In 2001, after years in the motor industry, I started out as a professional photographer. Back then, we had lovely Mamiya 645 cameras, 120 roll film, lightboxes, dev labs. After collecting the rolls from the lab, my work was done. Many people still wish it was so, but personally, I love the digital, multi-media world we now inhabit. It’s meant honing and developing skills that were previously dormant, some from collage years, but now form part of my ‘toolbox’ of things I think are essential for today’s clients. In today’s editorial and content marketing world, you can no longer be labelled with just one profession. A recent chat with some friends and colleagues revealed that nearly all had transformed in a Darwinian fashion to adapt to their clients demands over the last decade. Here’s my Top Ten Skills and content creation tools I think are most vital in today’s creative marketplace.
1. Photographers need to write. People love reading about the lives of photographers, especially those that travel the world. Some of the best photographers seem to be able to create interesting blogs too. A great example is the blog of Formula One photographer Darren Heath. Each season, his post-race blog article gives an alternative viewpoint to the weekends events.
2. Writers need to take a picture. Sometimes, there just isn’t a big enough story to warrant a photographer, but even the shortest blog post or Facebook entry benefits massively from an image to bring context to the words.
3. Writers need to be flexible. The skills to write everything from a 2500 word feature to a 140 character tweet in an engaging way is vital both to develop your own audience and to help the clients you’re working for with their media channels. Which brings me to the next skill…
4. Work together with clients on social media channels. The old publishing ethos of only talking about your own content doesn’t cut it in social media channels, yet I’m surprised at how some media companies and publishers hardly ever share the love with either suppliers, colleagues or others. The best guys reach out with a thumbs up when they see a great article elsewhere. I’m constantly shooting BTS on my iPhone and giving a shout out to my clients and the colleagues we work with once the feature is out of embargo and running. Establishing a plan with clients on what should be shared in real time and what needs an embargo is a vital part of this. Done well, it helps more people be inspired to go look at your content. A win / win for everyone.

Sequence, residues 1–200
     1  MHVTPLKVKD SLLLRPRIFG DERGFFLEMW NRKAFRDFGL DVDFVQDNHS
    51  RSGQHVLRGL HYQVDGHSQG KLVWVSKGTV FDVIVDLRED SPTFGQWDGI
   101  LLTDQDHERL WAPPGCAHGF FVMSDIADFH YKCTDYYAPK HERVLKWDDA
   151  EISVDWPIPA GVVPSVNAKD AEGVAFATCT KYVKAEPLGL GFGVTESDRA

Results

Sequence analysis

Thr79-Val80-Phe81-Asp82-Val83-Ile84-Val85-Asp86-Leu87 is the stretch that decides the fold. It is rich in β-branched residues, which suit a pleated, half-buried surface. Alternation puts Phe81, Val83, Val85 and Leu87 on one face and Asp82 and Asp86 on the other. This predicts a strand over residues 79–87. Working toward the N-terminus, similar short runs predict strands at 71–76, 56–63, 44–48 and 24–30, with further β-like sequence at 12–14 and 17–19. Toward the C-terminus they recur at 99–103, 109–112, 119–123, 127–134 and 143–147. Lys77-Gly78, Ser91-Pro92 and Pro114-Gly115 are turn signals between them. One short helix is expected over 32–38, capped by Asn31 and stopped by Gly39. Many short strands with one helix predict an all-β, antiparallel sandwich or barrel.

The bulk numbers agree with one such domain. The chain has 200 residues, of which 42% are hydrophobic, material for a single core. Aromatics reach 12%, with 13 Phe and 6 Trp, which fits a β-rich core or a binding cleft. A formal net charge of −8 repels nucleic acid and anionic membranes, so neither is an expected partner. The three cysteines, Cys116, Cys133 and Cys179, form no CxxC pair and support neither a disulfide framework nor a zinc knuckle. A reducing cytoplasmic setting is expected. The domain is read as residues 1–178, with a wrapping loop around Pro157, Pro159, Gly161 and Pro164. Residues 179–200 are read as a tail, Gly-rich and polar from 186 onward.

5. Video. The bogeyman of some writers and photographers. A few years ago, I wrote about how video was a challenge to traditional writers and photographers. Today, the ability to write, shoot edit and upload shot video is vital. It’s a skill that requires something else not historically found in the freelance world – teamwork. There’s nearly always a small group collaborating in video production, it pays to develop your preferred team.
6. Some basic HTML skills. You don’t need to be a hard core PHP coder, but knowing your b, h1, h2, alt tags is very useful if you want to make sense when writing online. The importance of these tags and how to use them effectively with images is an essential part of the content creators toolbox.
7. Knowing how SEO works. This used to be something the copy writers loved to skip past and and pass the buck to others to deal with. Content marketing has seen writing for SEO objectives become a significant part of my work. This doesn’t mean spammy links and keyword stuffing. Instead, writing articles with both humans and search engines in mind while still making sense is a writer’s skill that’s probably one of my most valuable today.
8. Be flexible with your rights. I can recall when magazines would pay additional fees for using images to promote next months issue. Cover shots were also a bonus and as for online? Everyone ran away and hid from that one… Today, the multi-channel nature of our media means that being flexible about the sharing of content, within reason, can actually be beneficial to all parties. That comes back to my point no 4 above.
9. Life Experience. This is one you can’t take an online training course for, or practice on the xBox. There are plenty of great writers and photographers out there right now. Some content is superb, but with the advent of the hungry mouth of motoring blogs, the lack of real life experiences of many shines through both in driving and in a mental, historical database to refer back to when commenting. Some of the howlers used to make me pound my keyboard with my forehead, but in truth, they’re no worse than some of the other glaring errors seen in modern journalism.
10. Never stop learning. You must always take the time out to look around, develop new skills and look for new marketplaces. For sure, some skills I’ve had for a while, but others I’ve developed as I learned new technologies. The trick is in selecting which new skills are going to be useful…
My son is currently studying a BTEC in film and media and it’s gratifying to see the diverse skill set he’s already developing even in just a few short months. We live in exciting times and it’s never been more interesting to write about cars and transportation, that’s for certain. The new digital technologies have given us some amazing cars, plus with it new ways of reaching readers and telling the story on platforms we didn’t enjoy a decade ago.